Day 16 – 19/08/2017 Solitaire to Maltahoe
Woke the next morning to a stunning view looking out towards a distant hilltop.
The campsite and early morning view
There were some weaver birds nesting just outside my tent and a lovely plant in full blow growing in the dry dust against some rocks.
Weaver birds chirping in the tree
Flowering against all odds
After packing we had to drive back to the main building to check-out. Only to find that miss congeniality was getting a massive serve from a couple of South African customers over their breakfast. They were complaining bitterly about the service, cold bacon etc! They even suggested she go and get some proper training. I felt so sorry for her.
She eventually came back to the reception to help us, totally disgruntled and unhappy with the world.
After taking a few photos we left the camp and headed to Solitaire to take some photos. At Solitaire there were a collection of rusty old cars making perfect subjects for photos. There was a restaurant, a very popular bakery, a small lodge with some lovely cacti, aloes and succulents outside as well as the fantastic old car below.
Relics at Solitaire
Old Truck nestled against the aloes
When we left Solitaire we decided to drive through the Riethoog Pass before making our way south to Maltahoe.
The mountainous area was really picturesque and as we left the plateau and descended into a valley we spotted a large farmhouse. The sign outside said Remhoogte ‘Tea, coffee, cake and the best view and hospitality’. Well we just couldn’t resist checking it out.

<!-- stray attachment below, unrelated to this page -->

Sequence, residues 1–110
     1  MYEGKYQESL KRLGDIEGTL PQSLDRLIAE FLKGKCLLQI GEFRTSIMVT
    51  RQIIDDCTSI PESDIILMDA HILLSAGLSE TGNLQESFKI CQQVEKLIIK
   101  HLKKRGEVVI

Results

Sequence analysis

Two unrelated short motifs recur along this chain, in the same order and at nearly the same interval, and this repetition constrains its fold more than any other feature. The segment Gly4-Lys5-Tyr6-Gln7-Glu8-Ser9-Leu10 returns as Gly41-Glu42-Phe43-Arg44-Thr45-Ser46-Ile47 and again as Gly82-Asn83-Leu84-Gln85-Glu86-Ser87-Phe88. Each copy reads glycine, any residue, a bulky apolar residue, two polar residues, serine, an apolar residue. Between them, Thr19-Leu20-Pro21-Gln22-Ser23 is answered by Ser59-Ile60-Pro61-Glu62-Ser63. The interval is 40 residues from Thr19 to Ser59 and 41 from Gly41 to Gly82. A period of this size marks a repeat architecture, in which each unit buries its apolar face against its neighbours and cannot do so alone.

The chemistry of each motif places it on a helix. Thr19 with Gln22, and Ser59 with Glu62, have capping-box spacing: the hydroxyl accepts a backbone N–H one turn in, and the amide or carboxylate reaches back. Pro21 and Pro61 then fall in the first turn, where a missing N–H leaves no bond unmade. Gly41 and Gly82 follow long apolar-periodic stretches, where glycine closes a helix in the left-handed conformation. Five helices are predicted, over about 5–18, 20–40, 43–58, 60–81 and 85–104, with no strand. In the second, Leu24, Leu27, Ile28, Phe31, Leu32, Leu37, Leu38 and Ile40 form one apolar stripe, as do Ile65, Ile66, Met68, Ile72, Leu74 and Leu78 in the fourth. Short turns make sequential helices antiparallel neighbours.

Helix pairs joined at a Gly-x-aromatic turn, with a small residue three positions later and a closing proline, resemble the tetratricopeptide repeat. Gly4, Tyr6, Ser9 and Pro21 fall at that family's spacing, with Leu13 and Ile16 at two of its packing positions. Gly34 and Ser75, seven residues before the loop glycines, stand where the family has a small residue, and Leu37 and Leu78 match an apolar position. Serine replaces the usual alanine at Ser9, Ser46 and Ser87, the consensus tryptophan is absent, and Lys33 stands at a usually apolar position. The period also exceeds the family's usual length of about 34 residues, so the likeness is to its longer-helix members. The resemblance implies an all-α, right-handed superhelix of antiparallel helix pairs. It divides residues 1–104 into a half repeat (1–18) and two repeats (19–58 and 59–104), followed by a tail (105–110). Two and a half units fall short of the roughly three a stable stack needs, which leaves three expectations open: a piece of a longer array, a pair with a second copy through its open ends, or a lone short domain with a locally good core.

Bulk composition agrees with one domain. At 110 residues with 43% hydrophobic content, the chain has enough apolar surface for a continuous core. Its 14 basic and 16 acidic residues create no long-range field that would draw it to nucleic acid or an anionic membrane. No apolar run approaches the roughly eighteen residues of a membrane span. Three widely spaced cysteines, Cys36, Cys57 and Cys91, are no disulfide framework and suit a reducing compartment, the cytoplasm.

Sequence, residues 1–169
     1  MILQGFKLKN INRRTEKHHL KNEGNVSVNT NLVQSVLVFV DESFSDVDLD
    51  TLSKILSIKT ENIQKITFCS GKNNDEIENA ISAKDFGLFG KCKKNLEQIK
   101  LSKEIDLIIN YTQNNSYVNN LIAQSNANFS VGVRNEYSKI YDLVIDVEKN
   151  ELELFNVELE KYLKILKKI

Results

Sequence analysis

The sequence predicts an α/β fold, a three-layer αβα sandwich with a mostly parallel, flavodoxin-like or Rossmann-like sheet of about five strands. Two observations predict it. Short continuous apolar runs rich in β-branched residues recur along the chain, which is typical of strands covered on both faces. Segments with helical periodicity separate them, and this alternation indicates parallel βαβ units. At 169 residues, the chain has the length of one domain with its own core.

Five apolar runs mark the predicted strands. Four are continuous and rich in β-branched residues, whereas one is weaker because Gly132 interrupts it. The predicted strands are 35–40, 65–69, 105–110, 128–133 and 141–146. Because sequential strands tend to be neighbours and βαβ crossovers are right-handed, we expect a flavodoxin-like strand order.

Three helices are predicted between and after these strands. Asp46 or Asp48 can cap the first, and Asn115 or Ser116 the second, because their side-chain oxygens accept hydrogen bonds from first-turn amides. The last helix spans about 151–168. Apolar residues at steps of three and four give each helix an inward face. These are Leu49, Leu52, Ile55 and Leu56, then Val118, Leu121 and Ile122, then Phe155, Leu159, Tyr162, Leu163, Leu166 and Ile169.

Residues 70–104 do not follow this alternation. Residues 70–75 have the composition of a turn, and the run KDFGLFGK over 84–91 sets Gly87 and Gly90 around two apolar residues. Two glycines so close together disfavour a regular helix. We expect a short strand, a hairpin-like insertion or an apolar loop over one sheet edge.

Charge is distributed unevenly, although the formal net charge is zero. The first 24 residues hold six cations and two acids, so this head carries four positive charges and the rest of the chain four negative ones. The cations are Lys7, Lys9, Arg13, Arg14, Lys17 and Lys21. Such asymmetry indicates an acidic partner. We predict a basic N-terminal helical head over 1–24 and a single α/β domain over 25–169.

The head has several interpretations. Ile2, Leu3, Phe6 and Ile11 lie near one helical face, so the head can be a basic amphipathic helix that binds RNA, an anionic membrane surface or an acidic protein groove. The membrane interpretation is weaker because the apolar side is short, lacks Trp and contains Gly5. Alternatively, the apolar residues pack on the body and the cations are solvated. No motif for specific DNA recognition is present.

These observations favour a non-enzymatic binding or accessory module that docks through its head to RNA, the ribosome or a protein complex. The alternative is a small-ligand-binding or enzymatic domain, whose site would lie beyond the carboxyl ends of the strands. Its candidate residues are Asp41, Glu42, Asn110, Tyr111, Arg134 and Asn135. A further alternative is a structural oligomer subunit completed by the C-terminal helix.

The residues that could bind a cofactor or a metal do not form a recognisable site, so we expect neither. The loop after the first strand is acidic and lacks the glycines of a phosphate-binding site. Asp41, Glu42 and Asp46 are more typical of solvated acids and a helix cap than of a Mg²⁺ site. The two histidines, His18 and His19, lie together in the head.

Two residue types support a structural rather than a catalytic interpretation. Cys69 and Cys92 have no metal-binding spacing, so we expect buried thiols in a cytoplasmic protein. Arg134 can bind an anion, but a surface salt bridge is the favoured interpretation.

The 15,000 hectare property is managed by a Pastor Donovan and his lovely wife Lorette. They both welcomed us and Lorette served us the most welcome cup of tea and homemade carrot cake. This was a good start.
Donovan and Lorette – If you would like to have the same experience they can be contacted at tel: 063683312
After tea, Donovan took us for a drive through and between the mountains on the western side of the property in his bakkie/ute to see the best view around. I sat in the front with Donovan and David stood at the back holding on for dear life as we bounced over the rugged terrain.
The bakkie on one of the less precarious areas
Quite tricky to negotiate at times over precarious ledges, almost vertical climbs and rocky outcrops but it proved to be everything they promised. Donovan pointed out some crude scaffolding erected with unmilled timber and twine high on the side of the mountain . This scaffolding was erected by the bushman so they could extract honey from the mountain face.
Down in the valley Donovan stopped and we piled out and followed him through the bush under some trees and down to the first of two natural springs. Here we sampled the clear pure sweet water.
Taking a sip of the sweet clear water
On the way to the next spring we spotted a large male kudu ascending majestically to the top of the mountain before bounding up and over as soon as he spotted us. We also saw a few dassies, klipspringer, chacma baboons and grey go-away (Grey lourie) birds.
Kudu heading for the hills
Chacma baboon giving directions
Donovan pointed out plants the bushman used to make tea. These are dark brown grasses that stick up stiffly growing on the mountain edges. Some of the other trees we saw are: the quiver trees, phantom tree, wild olive tree, wild cypress,wild fig and Anna tree which is not indigenous.
The illusive Quiver tree, which is part of the aloe family
In one of the grottos just above the other natural spring grew a small tree, which according to Donovan hadn’t changed or grown in the past eleven years.